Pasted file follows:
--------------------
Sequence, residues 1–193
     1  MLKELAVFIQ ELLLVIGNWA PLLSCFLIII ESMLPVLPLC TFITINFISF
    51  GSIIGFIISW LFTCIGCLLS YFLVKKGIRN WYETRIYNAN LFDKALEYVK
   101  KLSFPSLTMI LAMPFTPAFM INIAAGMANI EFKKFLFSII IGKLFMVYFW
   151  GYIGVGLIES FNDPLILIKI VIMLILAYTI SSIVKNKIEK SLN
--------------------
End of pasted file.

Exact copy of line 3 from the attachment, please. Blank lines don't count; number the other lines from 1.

    51  GSIIGFIISW LFTCIGCLLS YFLVKKGIRN WYETRIYNAN LFDKALEYVK